Effects of 3.5-23.0 T static magnetic fields on mice: A safety study.


High Magnetic Field Laboratory, Key Laboratory of High Magnetic Field and Ion Beam Physical Biology, Hefei Institutes of Physical Science, Chinese Academy of Sciences, Hefei, Anhui, 230031, PR China; Institutes of Physical Science and Information Technology, Anhui University, Hefei, Anhui, 230601, PR China; Science Island Branch of Graduate School, University of Science and Technology of China, Hefei, Anhui, 230026, PR China. Electronic address: [Email]


People are exposed to various magnetic fields, including the high static/steady magnetic field (SMF) of MRI, which has been increased to 9.4 T in preclinical investigations. However, relevant safety studies about high SMF are deficient. Here we examined whether 3.5-23.0 T SMF exposure for 2 h has severe long-term effects on mice using 112 C57BL/6J mice. The food/water consumption, blood glucose levels, blood routine, blood biochemistry, as well as organ weight and HE stains were all examined. The food consumption and body weight were slightly decreased for 23.0 T-exposed mice (14.6%, P < 0.01, and 1.75-5.57%, P < 0.05, respectively), but not the other groups. While total bilirubin (TBIL), white blood cells, platelet and lymphocyte numbers were affected by some magnetic conditions, most of them were still within normal reference range. Although 13.5 T magnetic fields with the highest gradient (117.2 T/m) caused spleen weight increase, the blood count and biochemistry results were still within the control reference range. Moreover, the highest field 23.0 T with no gradient did not cause organ weight or blood biochemistry abnormality, which indicates that field gradient is a key parameter. Collectively, these data suggest 3.5-23.0 T static magnetic field exposure for 2 h do not have severe long-term effects on mice.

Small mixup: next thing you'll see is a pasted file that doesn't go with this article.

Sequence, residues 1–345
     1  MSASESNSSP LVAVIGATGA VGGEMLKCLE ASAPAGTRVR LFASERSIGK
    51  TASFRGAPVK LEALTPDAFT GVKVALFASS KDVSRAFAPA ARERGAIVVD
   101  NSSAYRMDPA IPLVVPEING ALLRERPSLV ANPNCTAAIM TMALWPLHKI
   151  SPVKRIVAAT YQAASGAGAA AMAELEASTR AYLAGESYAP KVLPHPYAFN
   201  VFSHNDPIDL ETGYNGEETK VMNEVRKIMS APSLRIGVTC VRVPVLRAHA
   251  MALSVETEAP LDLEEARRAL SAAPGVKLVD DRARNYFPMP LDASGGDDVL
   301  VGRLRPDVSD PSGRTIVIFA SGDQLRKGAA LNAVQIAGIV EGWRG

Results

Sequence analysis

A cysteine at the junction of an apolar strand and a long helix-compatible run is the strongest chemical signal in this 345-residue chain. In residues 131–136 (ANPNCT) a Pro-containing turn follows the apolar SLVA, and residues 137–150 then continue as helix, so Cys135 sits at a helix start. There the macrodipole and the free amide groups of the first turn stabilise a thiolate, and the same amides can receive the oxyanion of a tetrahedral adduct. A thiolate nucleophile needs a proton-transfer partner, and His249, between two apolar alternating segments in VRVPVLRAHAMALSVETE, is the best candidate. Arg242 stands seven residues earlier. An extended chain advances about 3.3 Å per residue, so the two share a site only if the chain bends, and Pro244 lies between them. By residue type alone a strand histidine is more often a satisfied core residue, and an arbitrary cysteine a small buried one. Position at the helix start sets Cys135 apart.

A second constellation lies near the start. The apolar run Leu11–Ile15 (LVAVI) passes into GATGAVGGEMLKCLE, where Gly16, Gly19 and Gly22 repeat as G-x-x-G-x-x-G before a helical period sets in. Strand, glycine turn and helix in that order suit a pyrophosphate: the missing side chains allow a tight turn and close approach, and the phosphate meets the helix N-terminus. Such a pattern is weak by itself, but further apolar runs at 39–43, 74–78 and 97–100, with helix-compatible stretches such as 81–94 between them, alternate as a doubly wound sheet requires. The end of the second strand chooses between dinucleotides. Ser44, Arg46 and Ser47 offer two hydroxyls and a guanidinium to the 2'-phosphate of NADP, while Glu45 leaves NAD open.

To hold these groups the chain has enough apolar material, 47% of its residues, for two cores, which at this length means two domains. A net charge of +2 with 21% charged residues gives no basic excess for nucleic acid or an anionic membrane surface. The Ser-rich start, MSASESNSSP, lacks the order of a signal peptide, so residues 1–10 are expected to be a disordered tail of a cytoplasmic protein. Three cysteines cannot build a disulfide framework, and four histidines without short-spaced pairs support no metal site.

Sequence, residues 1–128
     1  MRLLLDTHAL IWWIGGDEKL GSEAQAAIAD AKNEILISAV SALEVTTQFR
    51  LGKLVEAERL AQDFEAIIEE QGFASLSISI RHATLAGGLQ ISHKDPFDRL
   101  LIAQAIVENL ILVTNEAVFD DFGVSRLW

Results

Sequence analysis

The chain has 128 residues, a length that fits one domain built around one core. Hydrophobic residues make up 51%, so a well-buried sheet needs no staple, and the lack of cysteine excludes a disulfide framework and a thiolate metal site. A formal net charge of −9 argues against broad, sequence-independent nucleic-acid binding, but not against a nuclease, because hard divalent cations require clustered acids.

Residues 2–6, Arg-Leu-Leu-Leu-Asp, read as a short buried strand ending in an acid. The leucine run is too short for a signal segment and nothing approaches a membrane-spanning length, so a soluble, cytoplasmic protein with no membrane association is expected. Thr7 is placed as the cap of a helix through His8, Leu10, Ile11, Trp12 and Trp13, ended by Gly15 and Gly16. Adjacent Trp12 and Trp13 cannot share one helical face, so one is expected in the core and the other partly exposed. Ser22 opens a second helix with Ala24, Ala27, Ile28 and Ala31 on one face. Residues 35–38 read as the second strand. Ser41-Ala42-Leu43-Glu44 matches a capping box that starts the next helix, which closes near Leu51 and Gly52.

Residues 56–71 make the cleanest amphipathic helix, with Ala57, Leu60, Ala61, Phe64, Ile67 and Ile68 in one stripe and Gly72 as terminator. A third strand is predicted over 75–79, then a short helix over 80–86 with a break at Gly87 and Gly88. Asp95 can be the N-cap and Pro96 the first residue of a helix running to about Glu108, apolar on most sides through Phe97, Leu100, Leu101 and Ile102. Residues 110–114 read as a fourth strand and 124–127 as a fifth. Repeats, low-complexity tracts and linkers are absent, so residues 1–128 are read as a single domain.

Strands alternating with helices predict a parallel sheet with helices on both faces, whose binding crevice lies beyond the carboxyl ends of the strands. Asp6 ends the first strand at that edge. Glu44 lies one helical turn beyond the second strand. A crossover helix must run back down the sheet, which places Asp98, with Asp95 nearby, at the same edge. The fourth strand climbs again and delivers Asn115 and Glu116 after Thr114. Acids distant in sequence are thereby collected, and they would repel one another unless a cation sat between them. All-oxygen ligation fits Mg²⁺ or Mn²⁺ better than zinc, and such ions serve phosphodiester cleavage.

Magnetic resonance imaging (MRI),Mice,Safety,Static magnetic field (SMF),Ultra-high field (UHF),

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